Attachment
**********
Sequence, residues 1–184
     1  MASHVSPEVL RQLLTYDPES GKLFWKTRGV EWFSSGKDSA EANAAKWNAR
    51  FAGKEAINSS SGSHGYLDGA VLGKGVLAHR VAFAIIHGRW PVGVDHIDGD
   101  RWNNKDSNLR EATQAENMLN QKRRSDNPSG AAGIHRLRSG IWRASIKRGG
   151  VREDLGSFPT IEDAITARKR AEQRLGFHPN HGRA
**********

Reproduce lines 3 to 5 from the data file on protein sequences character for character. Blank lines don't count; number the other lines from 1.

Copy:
    51  FAGKEAINSS SGSHGYLDGA VLGKGVLAHR VAFAIIHGRW PVGVDHIDGD
   101  RWNNKDSNLR EATQAENMLN QKRRSDNPSG AAGIHRLRSG IWRASIKRGG
   151  VREDLGSFPT IEDAITARKR AEQRLGFHPN HGRA